Expert Interview Series: Laura Luciano About Kitchen Essentials for Inspired Cooks
We asked Laura Luciano, founder of the Out East Foodie blog, how she became so passionate about food. "I grew up in an Italian family where we cooked together all the time," she says. "It was not until living...
We asked Laura Luciano, founder of the Out East Foodie blog, how she became so passionate about food.
"I grew up in an Italian family where we cooked together all the time," she says. "It was not until living on the East End that I became hypersensitive to where my food comes from and supporting the people who grow, raise, catch and prepare a meal."
Today, Laura says she is more passionate than ever about local and global varieties of food that are in Slow Food's Ark of Taste, an international catalogue of endangered heritage foods that are grown and sustainably produced.
Here, she offers us a peek at living and eating on the East End of Long Island and also shares her favorite kitchen tools. Read on:
Tell us about Out East Foodie. When and why did you start your blog?
At a very young age, I was exposed to the bounty of Long Island; fishing and crabbing - or footing - for clams with my father Out East was, and still is, an adventure.
I grew up 100 miles west of the Hamptons and North Fork in Hawthorne, New York. My second home was in East Quogue. One of my first exposures to food and cooking was with my grandparents in their kitchen lending a hand preparing Sunday's gravy (meat sauce) and tuttaes (tortelli Piacentini), which were my grandmother's ravioli from her hometown of Piacenza, Italy.
I am a trained graphic designer. For more than 20 years, I have been bringing corporations' and people's brands and stories to life. In 2008, I started my own graphic design business out of my 400-square-foot apartment in New York City, the same space I had lived in for almost 18 years. Working at home kept me closer to my kitchen, which helped me hone in on my skills as a home cook.
That same year, my architect husband Chris and I bought a piece of land in Hampton Bays, New York. We designed a sustainable home called Sheridan Green, which has a Tier 3 ENERGY STAR rating, that was completed in the fall of 2013. The home sits between the North and South Forks of Long Island. It was important for us to be close to our food producers, as both tines make up an edible haven.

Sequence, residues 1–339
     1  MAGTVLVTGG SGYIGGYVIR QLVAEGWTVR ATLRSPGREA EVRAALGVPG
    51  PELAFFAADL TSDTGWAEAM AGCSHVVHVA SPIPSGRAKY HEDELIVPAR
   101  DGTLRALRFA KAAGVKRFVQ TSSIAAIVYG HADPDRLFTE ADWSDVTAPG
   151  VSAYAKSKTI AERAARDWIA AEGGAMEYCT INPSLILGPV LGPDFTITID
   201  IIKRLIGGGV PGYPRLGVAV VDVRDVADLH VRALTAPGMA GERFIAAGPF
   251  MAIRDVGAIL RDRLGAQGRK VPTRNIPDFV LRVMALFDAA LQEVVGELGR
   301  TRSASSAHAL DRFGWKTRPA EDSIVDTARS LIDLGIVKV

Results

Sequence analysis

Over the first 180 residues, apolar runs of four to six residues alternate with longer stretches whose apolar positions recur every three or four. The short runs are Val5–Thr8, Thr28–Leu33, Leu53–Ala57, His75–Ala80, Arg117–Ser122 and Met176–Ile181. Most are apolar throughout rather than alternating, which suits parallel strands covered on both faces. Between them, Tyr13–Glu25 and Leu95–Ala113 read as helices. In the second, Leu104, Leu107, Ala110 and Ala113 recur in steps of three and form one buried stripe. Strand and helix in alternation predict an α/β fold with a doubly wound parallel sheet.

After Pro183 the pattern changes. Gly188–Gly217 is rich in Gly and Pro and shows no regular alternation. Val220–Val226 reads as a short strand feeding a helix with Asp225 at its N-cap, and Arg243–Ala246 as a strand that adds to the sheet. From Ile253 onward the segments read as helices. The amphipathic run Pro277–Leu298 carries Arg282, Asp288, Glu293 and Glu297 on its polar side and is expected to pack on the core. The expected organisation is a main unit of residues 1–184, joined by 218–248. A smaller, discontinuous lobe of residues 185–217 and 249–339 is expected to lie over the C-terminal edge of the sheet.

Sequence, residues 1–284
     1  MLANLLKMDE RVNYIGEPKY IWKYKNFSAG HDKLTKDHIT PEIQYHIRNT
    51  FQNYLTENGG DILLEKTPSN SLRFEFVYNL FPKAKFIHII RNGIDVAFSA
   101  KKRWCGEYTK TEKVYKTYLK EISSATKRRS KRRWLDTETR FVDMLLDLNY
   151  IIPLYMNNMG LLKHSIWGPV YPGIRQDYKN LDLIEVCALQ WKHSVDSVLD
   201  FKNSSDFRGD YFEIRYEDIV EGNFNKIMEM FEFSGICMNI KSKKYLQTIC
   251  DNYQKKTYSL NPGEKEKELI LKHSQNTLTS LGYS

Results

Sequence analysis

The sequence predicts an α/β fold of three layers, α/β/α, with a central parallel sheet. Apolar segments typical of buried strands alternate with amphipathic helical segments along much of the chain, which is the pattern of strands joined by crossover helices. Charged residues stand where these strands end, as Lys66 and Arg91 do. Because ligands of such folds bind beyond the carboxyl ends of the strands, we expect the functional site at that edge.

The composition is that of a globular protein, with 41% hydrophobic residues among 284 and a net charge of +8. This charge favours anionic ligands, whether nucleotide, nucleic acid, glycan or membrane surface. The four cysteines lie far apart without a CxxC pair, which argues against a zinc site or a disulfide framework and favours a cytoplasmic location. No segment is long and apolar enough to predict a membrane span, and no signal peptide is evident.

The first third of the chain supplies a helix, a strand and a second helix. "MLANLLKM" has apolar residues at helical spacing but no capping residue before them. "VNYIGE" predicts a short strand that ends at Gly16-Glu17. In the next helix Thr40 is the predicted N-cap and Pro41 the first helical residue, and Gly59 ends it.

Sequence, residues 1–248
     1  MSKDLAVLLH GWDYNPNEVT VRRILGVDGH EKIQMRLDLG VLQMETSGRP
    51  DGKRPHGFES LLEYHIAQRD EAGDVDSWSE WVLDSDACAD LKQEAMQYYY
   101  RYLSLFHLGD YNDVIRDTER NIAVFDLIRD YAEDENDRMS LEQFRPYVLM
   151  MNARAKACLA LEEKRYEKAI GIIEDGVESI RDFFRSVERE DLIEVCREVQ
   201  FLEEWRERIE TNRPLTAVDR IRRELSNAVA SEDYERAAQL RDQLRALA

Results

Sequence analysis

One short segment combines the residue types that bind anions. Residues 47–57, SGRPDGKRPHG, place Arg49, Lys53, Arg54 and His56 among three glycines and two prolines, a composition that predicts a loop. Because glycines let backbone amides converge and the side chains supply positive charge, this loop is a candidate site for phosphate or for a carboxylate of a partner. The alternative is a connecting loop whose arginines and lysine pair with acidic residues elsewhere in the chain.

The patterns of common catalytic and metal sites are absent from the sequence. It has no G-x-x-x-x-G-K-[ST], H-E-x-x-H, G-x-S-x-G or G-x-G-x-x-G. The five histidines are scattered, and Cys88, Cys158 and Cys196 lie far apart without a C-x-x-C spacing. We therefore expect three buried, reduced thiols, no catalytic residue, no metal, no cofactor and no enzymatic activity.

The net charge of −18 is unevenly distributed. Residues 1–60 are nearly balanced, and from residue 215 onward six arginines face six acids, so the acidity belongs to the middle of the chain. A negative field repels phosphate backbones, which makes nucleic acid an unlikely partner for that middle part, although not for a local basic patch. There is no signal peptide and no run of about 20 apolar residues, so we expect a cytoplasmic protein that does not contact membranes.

Inspired by our home and becoming a permanent member of the Out East food scene, I started my blog called Out East Foodie. This platform has allowed me to share the edible stories of the East End of Long Island not only on my blog, but also as a contributor for the What's in Season column for Edible East End Magazine that is part of 85 Edible Publications Nationwide.
I visit local farms, fisheries and artisanal food makers that span the "palette" of the Hamptons and North Fork region, and share with my readers the foods and philosophies of these local food makers.
How would you describe your culinary tastes?
Real ingredients. Flavor comes first; getting there is the journey. At times I refine certain dishes (that require a bit of technique); once it is in a place that is easy to explain, I will publish it. Good ingredients do not need a lot of fuss; and truthfully, cooking should not be fussy, but approachable, fun and healthy.
What do you love about living and eating on the East End of Long Island?
There is a revival of history on the East End of Long Island. It revisits old traditions of farm-to-table and brings neighbors to one another by supporting what makes us thrive and what makes the East End so special.
As land dwellers, we have a 360-degree view of our agricultural landscape, which is an everyday convenience to absorb what is all around us. The two forks are surrounded by water; and if you were to gaze to the bays or from the docks of Montauk, you can see what the catch of the day is.
There are values that have gathered momentum on our loamy soils and seas: "How was this tomato grown? Who raised my chicken? How was this tile fish caught and by whom?" I consider myself truly blessed and fortunate enough to have close relationships with chefs, food writers, farmers, artisans and fishermen. I know first hand how my food is prepared, sourced, grown, raised and caught. There is nothing better than that.
What are some kitchen tool basics no home cook should be without?
A hand-held immersion blender. I can't live without it.
What about some kitchen tool splurges home cooks should consider saving for?
- Kitchen Aid Stand Mixer
- Really good kitchen knives
What do you look for when shopping for kitchen essentials? What do you avoid?
Tools that are going to make my life easier, not create more clutter for my drawers or counter space. I avoid gadgets that are specifically made to cut a certain vegetable or herb.
What's your favorite go-to kitchen tool; the tool that you love because it's a workhorse, makes your life easier, or holds sentimental value - or all of the above?
My hand-held immersion blender. What I hold near and dear to my heart is my grandmother's ravioli wheel.
What's one kitchen tool you're craving right now?
A really good ice cream maker.
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